Their characteristic experience is that of the individual at an altar or a shrine rather than that of a continuing social group with a distinctive kind of fellowship .
How far the fellowship in most local churches falls below what the New Testament means by koinonia ! !
What is now called Christian fellowship is often little more than the social chumminess of having a gracious time with the kind of people one likes .
The koinonia of Acts and of the Epistles means sharing in a common relation to Christ .
It is an experience of a new depth of community derived from an awareness of the corporate indwelling of Christ in His people .
As Dietrich Bonhoffer puts it , `` Our community with one another consists solely in what Christ has done to both of us '' .
This may mean having fellowship in the church with people with whom , on the level of merely human agreeableness , we might prefer not to have any association at all .
There is a vast difference between the community of reconciliation which the New Testament describes and the community of congeniality found in the average church building .
Whenever a congregation really sees itself as a unit in the universal Church , in vital relation with the whole Body of Christ and participating in His mission to the world , a necessary foundation-stone of the ecumenical movement has been laid .
The antithesis of the ecumenical and the local then no longer exists .
The local and the ecumenical are one .
Of course , the perspective of those who are dealing directly with the world-wide problems of the People of God will always be different from the perspective of those who are dealing with the nearby problems of particular persons in a particular place .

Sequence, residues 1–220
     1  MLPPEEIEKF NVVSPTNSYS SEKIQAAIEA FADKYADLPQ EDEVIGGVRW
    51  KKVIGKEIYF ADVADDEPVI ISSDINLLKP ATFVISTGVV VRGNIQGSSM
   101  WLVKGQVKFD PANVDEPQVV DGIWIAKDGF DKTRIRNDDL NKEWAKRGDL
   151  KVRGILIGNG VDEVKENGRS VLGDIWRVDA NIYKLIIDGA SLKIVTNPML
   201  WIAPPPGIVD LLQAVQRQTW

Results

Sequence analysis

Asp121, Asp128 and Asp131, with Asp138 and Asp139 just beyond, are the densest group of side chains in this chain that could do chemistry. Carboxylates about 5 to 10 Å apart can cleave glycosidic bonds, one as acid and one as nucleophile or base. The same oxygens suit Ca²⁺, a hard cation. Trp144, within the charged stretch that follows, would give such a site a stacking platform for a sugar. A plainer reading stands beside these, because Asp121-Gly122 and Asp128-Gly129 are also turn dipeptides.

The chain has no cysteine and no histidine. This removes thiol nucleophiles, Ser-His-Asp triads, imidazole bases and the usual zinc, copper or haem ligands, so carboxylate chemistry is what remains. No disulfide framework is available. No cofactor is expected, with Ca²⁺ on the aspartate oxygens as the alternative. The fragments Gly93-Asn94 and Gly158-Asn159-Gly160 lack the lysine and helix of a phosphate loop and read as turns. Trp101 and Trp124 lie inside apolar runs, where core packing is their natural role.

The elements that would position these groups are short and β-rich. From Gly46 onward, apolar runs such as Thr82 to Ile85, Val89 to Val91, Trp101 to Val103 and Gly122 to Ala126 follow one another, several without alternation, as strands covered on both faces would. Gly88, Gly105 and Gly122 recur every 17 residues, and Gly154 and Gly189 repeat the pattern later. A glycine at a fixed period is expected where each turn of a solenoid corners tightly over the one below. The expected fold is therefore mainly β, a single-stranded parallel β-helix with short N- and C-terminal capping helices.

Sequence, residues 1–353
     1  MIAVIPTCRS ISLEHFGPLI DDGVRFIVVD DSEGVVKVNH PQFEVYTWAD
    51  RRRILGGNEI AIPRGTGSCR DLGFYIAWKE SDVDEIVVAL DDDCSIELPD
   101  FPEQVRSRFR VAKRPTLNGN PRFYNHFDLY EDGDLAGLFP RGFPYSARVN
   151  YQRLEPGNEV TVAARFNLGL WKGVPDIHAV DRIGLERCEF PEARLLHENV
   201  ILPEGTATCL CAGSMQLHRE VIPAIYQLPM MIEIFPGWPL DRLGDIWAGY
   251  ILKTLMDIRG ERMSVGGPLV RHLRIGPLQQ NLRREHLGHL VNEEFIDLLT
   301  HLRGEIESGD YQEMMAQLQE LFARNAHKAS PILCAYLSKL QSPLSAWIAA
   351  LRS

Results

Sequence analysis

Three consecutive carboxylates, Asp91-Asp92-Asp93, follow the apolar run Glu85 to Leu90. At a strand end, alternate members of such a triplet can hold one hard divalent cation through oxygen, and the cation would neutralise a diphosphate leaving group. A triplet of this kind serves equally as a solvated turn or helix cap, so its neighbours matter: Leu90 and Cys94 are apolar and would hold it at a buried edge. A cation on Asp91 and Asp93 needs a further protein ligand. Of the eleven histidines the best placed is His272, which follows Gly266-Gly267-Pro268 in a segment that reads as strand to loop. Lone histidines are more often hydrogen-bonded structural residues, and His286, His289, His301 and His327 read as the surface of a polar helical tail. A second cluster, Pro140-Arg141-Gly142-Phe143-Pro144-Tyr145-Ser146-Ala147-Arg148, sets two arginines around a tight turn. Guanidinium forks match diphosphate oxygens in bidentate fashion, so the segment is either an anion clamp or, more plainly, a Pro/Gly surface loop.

Each viewpoint is valid if it is organically related to the other .
Neither is adequate if it stands alone .
Our difficulty arises when either viewpoint shuts out the other .
And this is what all too often happens .
A little parable illustrative of this truth is afforded by an incident related by Professor Bela Vasady at the end of the Second World War .
With great difficulty he made his way from his native Hungary to Geneva to renew his contacts as a member of the Provisional Committee for the World Council of Churches .
When he had the mishap of breaking his spectacles , his ecumenical colleagues insisted on providing him with new ones .
They were bifocals .
He often spoke of them as his `` ecumenical '' glasses and used them as a symbol of the kind of vision that is required in the church .
It is , he said , a bifocal vision , which can see both the near-at-hand and the distant and keep a Christian in right relation to both .
As things stand now , the local and the ecumenical tend to compete with each other .
On the one hand , there are ecumenists who are so stirred by the crises of the church in its encounter with the world at large that they have no eyes for what the church is doing in their own town .
They do not escape the pitfall into which Charles Dickens pictured Mrs. Jellyby as falling .
Her concern for the natives of Borrioboola-Gha was so intense that she quite forgot and neglected her son Peepy ! !
Likewise , the ecumenist may become so absorbed in the conflict of the church with the totalitarian state in East Germany , the precarious situation of the church in revolutionary China , and the anguish of the church over apartheid in South Africa that he loses close contact with the parish church in its unspectacular but indispensable ministry of worship , pastoral service and counseling , and Christian nurture for a face-to-face group of individuals .
On the other hand , many a pastor is so absorbed in ministering to the intimate , personal needs of individuals in his congregation that he does little or nothing to lead them into a sense of social responsibility and world mission .
As a result , they go on thinking of the church , with introverted and self-centered satisfaction , only in connection with the way in which it serves them and their families .